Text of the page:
Council starts considering beach work without Corps
Pawleys Island Town Council will re-evaluate its beach renourishment project with the Army Corps of Engineers if the agency isn’t able to complete the work before the 2020 hurricane season.
The town was told the Corps would put the project out to bid this month. Instead, it is reviewing a cost-benefit study from 2004, when the project was originally developed.
“I’m very upset about it,” Mayor Jimmy Braswell said. “We’ve done everything we can do and they’re not holding up their end of the bargain.”
He has several emails from the Corps saying it would waive an update of the cost-benefit study. Administrator Ryan Fabbri said he was told by staff at the Charleston District that it would still be waived, but that the project won’t be put out to bid until the update is completed. That should be in September.
The town obtained state and federal permits last year for a beach renourishment project, but stopped short of accepting a bid for the work when the Corps of Engineers said it had funds for the 2004 project that will place offshore sand on 1.4 miles of beach on the island’s south end. The federal government will pay 65 percent of the cost and loan the town its portion of the 35 percent local match. It will also help maintain the beach following hurricanes and through ongoing renourishment for the next 50 years.
The 50-year commitment was a “big carrot” in deciding to drop the local project, Council Member Sarah Zimmerman said. But she agreed it is time to re-evaluate the Corps project.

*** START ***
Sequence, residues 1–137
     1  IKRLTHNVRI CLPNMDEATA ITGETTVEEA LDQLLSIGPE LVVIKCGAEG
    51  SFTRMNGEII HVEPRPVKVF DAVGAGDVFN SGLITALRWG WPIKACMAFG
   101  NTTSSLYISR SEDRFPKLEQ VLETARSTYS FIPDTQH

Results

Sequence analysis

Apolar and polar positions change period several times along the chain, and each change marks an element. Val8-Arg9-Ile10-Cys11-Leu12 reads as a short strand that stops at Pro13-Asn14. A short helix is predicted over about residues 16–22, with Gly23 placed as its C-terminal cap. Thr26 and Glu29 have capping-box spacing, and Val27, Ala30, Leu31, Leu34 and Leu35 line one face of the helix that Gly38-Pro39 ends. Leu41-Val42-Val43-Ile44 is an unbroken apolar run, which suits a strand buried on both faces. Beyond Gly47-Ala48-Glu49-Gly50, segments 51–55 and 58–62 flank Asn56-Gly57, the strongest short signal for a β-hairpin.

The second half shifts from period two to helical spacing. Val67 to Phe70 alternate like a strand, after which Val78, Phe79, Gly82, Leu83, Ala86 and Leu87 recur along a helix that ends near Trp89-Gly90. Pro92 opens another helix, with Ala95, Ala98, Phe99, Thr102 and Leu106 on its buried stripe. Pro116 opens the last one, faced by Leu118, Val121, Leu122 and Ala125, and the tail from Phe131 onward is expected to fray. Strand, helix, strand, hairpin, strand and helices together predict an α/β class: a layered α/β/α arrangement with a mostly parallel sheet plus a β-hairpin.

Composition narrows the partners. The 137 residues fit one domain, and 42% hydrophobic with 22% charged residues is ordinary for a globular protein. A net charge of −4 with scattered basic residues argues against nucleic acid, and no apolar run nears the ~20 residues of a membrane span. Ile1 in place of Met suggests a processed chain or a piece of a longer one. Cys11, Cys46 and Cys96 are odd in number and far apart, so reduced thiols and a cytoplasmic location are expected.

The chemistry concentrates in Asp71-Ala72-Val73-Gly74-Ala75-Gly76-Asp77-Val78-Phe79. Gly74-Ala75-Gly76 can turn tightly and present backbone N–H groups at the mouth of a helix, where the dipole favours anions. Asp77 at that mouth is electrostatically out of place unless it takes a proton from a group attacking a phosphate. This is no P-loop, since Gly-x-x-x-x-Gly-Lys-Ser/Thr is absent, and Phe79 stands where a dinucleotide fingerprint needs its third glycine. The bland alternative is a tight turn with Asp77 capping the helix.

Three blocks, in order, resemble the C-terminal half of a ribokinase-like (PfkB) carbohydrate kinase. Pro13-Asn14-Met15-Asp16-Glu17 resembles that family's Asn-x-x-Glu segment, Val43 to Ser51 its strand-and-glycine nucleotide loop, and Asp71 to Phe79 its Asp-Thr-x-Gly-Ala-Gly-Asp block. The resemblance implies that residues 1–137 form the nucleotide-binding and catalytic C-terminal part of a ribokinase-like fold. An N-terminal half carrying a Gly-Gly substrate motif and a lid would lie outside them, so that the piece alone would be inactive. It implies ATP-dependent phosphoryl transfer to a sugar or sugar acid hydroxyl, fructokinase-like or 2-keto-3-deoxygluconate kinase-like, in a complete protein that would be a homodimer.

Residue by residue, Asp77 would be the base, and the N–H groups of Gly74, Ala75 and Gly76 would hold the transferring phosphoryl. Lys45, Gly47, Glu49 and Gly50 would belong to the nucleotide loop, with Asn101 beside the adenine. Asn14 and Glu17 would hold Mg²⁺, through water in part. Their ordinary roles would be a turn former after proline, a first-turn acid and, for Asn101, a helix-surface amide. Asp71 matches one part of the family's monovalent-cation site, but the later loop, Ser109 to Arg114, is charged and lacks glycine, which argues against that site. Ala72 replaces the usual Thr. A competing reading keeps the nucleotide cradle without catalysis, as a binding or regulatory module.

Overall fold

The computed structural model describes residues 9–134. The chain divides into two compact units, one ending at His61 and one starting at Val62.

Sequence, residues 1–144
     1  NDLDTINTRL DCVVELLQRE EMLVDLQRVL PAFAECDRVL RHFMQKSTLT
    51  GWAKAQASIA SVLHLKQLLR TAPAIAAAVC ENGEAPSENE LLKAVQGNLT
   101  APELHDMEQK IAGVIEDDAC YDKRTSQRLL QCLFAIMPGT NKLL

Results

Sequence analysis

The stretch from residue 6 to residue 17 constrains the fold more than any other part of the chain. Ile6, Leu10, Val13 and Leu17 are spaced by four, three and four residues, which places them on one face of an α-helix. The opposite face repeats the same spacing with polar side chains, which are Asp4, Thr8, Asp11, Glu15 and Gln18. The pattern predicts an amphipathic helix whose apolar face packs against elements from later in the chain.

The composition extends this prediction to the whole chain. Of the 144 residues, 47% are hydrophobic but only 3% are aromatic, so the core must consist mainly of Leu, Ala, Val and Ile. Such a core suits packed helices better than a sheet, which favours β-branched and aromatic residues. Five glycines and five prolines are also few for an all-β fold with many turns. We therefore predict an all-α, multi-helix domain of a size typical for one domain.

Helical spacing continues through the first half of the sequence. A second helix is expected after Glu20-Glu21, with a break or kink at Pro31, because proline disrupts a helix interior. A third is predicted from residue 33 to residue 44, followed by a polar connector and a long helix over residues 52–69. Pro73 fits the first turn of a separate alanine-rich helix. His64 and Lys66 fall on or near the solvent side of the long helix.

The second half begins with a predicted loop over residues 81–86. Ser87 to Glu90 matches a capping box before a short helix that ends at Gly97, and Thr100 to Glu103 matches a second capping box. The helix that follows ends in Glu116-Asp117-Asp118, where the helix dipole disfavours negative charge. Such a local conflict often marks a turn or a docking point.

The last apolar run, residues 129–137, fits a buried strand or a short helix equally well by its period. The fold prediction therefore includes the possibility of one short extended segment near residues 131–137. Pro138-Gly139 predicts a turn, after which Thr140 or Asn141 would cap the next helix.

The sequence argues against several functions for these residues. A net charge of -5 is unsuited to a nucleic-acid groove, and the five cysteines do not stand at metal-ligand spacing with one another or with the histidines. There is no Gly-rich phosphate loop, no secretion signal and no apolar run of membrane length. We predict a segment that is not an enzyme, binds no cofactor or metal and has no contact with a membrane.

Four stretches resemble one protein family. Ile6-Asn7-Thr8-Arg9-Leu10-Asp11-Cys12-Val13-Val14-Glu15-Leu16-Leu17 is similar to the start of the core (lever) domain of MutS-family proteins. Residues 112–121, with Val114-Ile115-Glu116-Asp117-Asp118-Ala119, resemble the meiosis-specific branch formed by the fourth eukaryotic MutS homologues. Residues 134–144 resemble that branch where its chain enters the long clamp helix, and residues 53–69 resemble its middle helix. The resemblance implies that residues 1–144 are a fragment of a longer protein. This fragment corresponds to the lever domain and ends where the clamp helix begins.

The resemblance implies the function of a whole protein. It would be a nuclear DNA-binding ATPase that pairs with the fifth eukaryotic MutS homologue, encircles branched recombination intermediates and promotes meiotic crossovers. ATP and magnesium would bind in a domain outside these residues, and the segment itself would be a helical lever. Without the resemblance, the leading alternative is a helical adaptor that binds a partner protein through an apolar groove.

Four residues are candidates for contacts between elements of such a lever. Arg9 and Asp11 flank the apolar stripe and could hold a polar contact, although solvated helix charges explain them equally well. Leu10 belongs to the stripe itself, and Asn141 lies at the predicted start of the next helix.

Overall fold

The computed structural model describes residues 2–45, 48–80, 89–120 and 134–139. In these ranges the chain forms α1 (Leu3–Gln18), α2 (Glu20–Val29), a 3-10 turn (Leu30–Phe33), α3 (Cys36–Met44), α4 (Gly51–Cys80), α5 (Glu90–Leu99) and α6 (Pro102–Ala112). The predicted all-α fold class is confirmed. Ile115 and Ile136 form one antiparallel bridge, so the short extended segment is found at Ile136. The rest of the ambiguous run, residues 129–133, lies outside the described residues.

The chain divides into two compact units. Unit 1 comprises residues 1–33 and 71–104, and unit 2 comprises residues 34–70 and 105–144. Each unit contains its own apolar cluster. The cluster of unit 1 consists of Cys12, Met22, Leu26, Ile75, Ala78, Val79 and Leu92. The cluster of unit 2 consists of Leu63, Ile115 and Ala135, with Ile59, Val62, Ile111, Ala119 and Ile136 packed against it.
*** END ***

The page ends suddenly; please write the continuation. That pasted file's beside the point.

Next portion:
“There is a point at which we say, ‘thanks very much, we’re going back to our plan,’ ” Council Member Rocky Holliday said. He chaired the committee that developed the local project. He proposed giving the Corps a “drop-dead date” for the beach nourishment project.
“I think that’s a great idea,” Braswell said. “They are leading us down the primrose path.”
The project that the Corps actually approved in 2006 was estimated to cost about $9 million and would have placed 666,400 cubic yards of sand on the beach.
The current project will place 840,000 cubic yards of sand at a cost of about $17 million. (The town also plans to add sand along the beach to the north as a locally-funded enhancement to the Corps project.)
The increased cost triggered the review of the cost-benefit study, Fabbri said. A cost control board within the Corps will have to approve the additional expenditure.
“What are the chances of them saying no?” Holliday asked.
Fabbri said he was told that the worst-case scenario would be the project would be funded at the original amount. But with the overall costs increasing, that would result in only half the amount of sand being placed on the beach, he noted.
“We can’t rely on them,” Holliday said.
Fabbri has already asked Coastal Science and Engineering, the firm that designed the local project, to check on the availability of dredging companies if the town decides to undertake its own project in the fall or winter.
“We could put it out for bid tomorrow,” Fabbri said. “We control our own destiny.”
While Fabbri was concerned that property values in the federal project area wouldn’t keep pace with the increased cost of renourishment, data from the Georgetown County tax assessor’s office shows they have nearly doubled from 2005 to 2019.
Fabbri provided the figures to the Corps.
“I didn’t know what to expect,” Fabbri said. “It’s much better than I thought it would be.”
The total value grew from $68.9 million to $132.3 million. However, the value of structures declined from $50.4 million to $29.6 million.
It was the value of the land that drove the increase, from $18.6 million in 2005 to $102.2 million.
The county bases the values on real estate sales. The figures only apply to 113 oceanfront properties on the island’s south end.
Fabbri isn’t sure how the Corps will interpret the data.
“They’re not very transparent about it,” he said.